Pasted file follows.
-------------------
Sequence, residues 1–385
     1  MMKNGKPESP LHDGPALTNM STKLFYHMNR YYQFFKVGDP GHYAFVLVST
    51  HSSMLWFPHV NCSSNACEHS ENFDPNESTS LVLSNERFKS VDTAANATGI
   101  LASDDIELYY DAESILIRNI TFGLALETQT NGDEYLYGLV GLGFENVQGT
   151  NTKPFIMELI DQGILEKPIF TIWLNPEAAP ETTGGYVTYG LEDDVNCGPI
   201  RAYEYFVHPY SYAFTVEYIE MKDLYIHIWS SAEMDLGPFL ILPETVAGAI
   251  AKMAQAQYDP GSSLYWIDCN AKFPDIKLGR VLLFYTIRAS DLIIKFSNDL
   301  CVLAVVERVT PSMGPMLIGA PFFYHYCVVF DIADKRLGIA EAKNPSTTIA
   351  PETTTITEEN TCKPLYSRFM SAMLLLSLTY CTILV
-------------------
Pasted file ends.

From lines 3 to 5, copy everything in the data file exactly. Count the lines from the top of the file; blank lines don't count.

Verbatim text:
    51  HSSMLWFPHV NCSSNACEHS ENFDPNESTS LVLSNERFKS VDTAANATGI
   101  LASDDIELYY DAESILIRNI TFGLALETQT NGDEYLYGLV GLGFENVQGT
   151  NTKPFIMELI DQGILEKPIF TIWLNPEAAP ETTGGYVTYG LEDDVNCGPI